The study finds that differences in how men and women time their real estate purchase accounts for “a little bit less than half,” of the gap, Shue says. Negotiation is the next largest factor. In particular, the largest negotiated discounts off the listed price for homes occurs when there is a female buyer bargaining against a male seller. Bust, Shue warns, “There’s not a sharp delineation between market timing and negotiation. They likely overlap.” That’s because people who buy or sell even though it isn’t the most advantageous market have priorities other than returns on their investment. Perhaps they need to move for work or to fit school schedules. Those other priorities likely weaken bargaining power.
The fact that women are losing out in the negotiation process doesn’t necessarily mean that they are doing anything wrong, Shue points out; gender bias could be playing a role. She points to studies on car buying in which women and men use identical scripts in making an identical purchase, yet women don’t get the discounts offered to men. “There’s also research showing that if women become more aggressive in negotiations, they can actually be worse off because the other side reacts very negatively,” she says.
Another factor that could weaken anyone’s bargaining power is if they just want the house more. “Of course, there are going to be some cases where people pay more because they fall in love with a particular house,” Shue says. This is a key distinction from equity markets, where everyone pays the same price for the same stock, whether they are a rabid fan of a company or someone buying skeptically as part of a duty to diversify. With housing, in theory, a difference in women’s real estate preferences could help explain the gap in returns. “Some people have proposed that maybe single women just really love housing,” Shue says.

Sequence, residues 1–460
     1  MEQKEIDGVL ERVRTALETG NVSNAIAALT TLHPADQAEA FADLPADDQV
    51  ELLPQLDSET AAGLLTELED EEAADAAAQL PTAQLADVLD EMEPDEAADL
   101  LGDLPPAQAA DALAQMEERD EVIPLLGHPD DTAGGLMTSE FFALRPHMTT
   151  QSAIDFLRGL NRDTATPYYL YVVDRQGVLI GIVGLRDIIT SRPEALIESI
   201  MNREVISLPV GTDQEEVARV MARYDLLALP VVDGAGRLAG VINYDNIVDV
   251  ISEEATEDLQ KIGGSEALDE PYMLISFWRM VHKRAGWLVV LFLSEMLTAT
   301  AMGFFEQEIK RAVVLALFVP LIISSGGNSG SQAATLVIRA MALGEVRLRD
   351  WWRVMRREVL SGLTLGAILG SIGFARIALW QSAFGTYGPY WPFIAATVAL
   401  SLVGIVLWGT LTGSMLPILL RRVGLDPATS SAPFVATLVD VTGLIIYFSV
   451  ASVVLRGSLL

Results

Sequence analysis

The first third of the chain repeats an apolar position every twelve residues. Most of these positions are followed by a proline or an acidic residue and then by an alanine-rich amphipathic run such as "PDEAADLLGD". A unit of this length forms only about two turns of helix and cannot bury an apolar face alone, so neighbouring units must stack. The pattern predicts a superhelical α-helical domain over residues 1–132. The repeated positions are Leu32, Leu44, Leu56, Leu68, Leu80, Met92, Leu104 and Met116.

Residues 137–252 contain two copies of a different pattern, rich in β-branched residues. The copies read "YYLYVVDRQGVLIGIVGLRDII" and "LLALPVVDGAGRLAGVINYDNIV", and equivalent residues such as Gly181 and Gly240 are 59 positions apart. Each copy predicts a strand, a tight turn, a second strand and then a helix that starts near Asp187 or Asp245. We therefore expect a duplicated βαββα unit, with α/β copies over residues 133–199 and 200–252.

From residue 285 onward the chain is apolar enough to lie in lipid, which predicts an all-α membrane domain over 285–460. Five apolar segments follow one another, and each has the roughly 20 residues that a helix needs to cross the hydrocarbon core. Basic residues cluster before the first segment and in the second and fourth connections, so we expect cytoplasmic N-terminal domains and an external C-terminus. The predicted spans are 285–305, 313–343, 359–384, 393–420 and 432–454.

This hypothesis might explain why women pay more up front, she notes, but it wouldn’t explain why when they sell their houses, they list them and sell them for less. Nor is it consistent with the gender gap essentially disappearing in tight housing markets. The study finds that the gender gap all but disappears in tight housing markets where the dynamic changes from a bilateral negotiation to something more like an auction where the highest bid wins. The fact that women do better in tight housing markets does not square with the idea that women are more likely to fall in love with a house. If so, women should also submit higher bids in auctions, leading to lower returns in tight housing markets.
Shue and Goldsmith-Pinkham also examined whether single men buy riskier properties and get compensated for that. “Maybe single men are more likely to buy fixer-uppers and that’s why they are earning a higher return,” Shue explains. “We very seriously considered whether they invest more in home maintenance.” While modest DIY work might not show clearly in the data, there was no evidence of greater levels of investment in maintenance or significant renovation by single men.
Many aspects of this research merit further study, Shue says. “There are a lot of dollars on the line.” She adds, “Housing represents the largest category of household saving. It accounts for a greater fraction of total retirement savings than stock investment. Therefore, to lose any percentage on housing really impacts the gender gap in wealth accumulation.”
“I don’t think people expected women to be doing so much worse in the housing market,” Shue notes. “I’d be curious to study whether, given this new information, that changes. I certainly plan to be more careful in future when buying a house.”